When Phil Martin took over as coach at Montgomery College six years ago the school was considering phasing out its football program. Now, Martin can boast one of the top small college programs. His team finished last season as the ninth-ranked junior college team in the nation and with a four-year home winning streak intact.

With no scholarships or on-campus housing, and a limited recruiting base, Montgomery-Rockville and Martin have had to rely on a different appeal.

"What we have to offer," said Martin, "is a good academic atmosphere with a chance to play good football and have fun. I feel we have an atmosphere here that players like and don't find many other places."

As is typical at a junior college, many of the Montgomery players were not recruited by other colleges because they lacked something -- size, speed or the necessary grades.

"He gets players that don't have the grades to go to a Division I school and instills in them that only if they work hard academically will they be able to move on to a four-year school," said assistant coach Rick Prather, a running back for the Denver Dynamite of the Arena Football League.

The lessons Martin preaches he learned the hard way as a freshman running back at Ohio University when his academic problems made him ineligible, cutting short his playing days. "I'm a perfect candidate for junior college," said Martin. "When I talk to these guys about checking out their options and academics, I know what I'm talking about."

Montgomery also has become a refuge for players disillusioned with larger schools' programs and in search of a more comfortable atmosphere. Linebacker Otis Pollard is one of six transfers from Central State in Ohio and feels more at home in Rockville.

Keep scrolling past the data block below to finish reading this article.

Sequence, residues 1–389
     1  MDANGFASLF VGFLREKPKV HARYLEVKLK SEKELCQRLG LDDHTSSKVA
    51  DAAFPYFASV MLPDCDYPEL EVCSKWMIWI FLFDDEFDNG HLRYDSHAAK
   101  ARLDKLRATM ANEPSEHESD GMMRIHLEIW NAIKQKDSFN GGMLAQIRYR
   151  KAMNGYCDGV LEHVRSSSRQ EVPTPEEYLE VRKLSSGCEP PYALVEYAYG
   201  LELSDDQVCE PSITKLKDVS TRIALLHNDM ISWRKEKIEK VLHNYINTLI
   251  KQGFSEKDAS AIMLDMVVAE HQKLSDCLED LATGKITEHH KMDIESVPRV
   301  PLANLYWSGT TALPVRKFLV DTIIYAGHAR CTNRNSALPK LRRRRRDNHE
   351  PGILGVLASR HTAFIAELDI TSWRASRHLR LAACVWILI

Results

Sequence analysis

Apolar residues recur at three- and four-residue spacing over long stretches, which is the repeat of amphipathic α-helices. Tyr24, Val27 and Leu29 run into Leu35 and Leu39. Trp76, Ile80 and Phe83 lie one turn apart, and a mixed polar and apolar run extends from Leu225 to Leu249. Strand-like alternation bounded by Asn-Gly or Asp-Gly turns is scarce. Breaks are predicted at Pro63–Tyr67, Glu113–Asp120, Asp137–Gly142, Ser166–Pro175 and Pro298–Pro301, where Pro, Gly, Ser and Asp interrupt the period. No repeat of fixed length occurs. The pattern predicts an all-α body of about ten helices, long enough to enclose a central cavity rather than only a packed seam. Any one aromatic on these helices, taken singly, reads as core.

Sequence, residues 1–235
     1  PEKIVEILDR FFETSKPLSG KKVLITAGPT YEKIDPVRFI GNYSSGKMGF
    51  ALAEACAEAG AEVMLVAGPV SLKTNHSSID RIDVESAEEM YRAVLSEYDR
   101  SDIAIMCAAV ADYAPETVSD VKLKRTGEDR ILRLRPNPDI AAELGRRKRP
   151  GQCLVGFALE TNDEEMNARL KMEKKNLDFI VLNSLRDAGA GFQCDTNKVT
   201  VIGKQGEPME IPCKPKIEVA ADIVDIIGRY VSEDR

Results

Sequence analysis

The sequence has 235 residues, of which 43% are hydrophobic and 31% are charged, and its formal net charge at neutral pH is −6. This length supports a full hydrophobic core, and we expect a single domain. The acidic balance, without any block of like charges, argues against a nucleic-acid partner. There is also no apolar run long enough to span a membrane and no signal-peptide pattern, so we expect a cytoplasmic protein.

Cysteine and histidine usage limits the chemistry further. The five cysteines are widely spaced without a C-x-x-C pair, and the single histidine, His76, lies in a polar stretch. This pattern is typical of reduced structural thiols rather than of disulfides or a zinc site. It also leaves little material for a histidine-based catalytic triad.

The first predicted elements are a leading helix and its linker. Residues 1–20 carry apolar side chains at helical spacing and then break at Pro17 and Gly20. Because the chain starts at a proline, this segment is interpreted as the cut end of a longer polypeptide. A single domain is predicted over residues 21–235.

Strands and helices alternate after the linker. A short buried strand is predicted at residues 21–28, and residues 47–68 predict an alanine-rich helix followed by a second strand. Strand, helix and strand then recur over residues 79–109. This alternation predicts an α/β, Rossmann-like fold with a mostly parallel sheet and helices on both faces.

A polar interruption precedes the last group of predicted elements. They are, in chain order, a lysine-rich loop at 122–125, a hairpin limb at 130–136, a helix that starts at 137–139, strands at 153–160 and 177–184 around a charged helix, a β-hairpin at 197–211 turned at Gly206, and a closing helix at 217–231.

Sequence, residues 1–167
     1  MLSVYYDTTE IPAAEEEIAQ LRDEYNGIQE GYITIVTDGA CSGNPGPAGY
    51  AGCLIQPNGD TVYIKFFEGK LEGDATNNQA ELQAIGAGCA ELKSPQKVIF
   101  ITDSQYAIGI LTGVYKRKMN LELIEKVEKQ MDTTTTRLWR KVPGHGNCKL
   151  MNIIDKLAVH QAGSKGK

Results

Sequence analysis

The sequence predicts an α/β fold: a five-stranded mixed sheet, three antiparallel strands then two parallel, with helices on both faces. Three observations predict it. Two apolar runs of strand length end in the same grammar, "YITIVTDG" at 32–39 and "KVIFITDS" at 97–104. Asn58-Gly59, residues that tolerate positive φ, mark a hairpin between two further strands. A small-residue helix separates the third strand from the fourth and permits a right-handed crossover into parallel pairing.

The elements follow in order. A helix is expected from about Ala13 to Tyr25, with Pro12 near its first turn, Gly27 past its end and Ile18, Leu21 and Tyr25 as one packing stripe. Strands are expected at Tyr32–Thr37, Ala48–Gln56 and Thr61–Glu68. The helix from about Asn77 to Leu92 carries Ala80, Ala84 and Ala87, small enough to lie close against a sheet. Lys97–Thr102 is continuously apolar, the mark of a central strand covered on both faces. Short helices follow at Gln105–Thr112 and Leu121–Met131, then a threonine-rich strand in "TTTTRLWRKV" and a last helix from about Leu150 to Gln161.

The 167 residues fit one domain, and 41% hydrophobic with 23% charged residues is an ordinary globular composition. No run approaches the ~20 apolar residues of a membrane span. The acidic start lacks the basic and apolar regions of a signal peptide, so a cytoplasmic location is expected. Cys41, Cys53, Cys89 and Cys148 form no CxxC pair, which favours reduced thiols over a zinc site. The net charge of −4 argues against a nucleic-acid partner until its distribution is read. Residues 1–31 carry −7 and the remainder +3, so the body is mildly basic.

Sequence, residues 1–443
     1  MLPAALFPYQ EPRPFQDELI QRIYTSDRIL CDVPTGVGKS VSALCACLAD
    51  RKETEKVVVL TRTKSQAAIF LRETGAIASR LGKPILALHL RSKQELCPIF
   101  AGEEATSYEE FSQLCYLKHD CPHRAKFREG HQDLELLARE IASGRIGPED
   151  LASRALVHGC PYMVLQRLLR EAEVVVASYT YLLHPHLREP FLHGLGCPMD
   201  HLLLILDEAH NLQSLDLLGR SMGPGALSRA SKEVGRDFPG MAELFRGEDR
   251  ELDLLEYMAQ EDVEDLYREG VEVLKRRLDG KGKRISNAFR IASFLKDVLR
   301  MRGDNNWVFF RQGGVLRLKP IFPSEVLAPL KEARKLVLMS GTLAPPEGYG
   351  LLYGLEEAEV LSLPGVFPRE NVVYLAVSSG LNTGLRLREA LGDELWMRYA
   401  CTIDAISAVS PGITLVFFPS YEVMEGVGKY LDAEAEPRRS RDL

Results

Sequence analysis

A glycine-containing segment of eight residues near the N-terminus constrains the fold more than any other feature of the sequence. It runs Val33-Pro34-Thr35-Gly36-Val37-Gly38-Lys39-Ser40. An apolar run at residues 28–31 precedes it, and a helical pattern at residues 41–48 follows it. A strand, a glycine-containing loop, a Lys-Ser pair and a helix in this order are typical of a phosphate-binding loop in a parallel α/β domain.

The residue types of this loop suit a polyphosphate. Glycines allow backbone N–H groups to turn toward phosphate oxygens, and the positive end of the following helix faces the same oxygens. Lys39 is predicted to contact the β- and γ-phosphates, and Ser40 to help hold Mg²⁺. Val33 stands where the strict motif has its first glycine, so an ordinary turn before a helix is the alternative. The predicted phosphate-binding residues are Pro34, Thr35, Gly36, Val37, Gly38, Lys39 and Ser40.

"He {Martin} impressed me. He showed me the basic things and talked about graduating," said Pollard. "Some colleges only show you the athletic side. Here we're like a family, everybody works together and the coaches seem like they care. I think it's a very good program for a player to rebuild what they've missed."

Martin agreed. "It's hard when they go somewhere where it seems nobody cares about them and they end up lost in the shuffle," he said. "We leave the door open. We tell the kids if you go away and aren't happy, you're welcome to come back and play."

This atmosphere has made it easier for players to make the sacrifices required in junior college. The crowds are small, the bus rides long and unlike some small colleges, Montgomery does not cover all the players' expenses. The players buy their own practice jerseys, socks and shorts and often have to chip in for traveling expenses.

And, in a region where Division I schools receive most of the attention, the most familiar names belong to three assistant coaches that play in the Arena Football League. Along with Prather, Martin's assistants include Sean McInerney of the Washington Commandos and Mike Hohensee of Pittsburgh.

The Knights' offensive coordinator, Mike Dailey, like quarterback coach Hohensee, is a volunteer. "He does as much around here as I do," Martin said.

Although last year's 38-7 loss to top-ranked Northeastern Oklahoma A&M in the Mid-America Bowl ended the Knights' season at 9-2 and dashed their hopes of staking a claim as the national champion, no one is disappointed. Noting that Northeastern Oklahoma had 33 players on scholarship, Martin said, "it says a lot for our program just to compete against them."

While the players realize Montgomery College is a stepping stone, they seem happy where they are.

"I'll take MC for now," said running back Ron Pharr. "I'm going to try real hard and hopefully transfer when I'm done here. But for now it's MC and I like it here."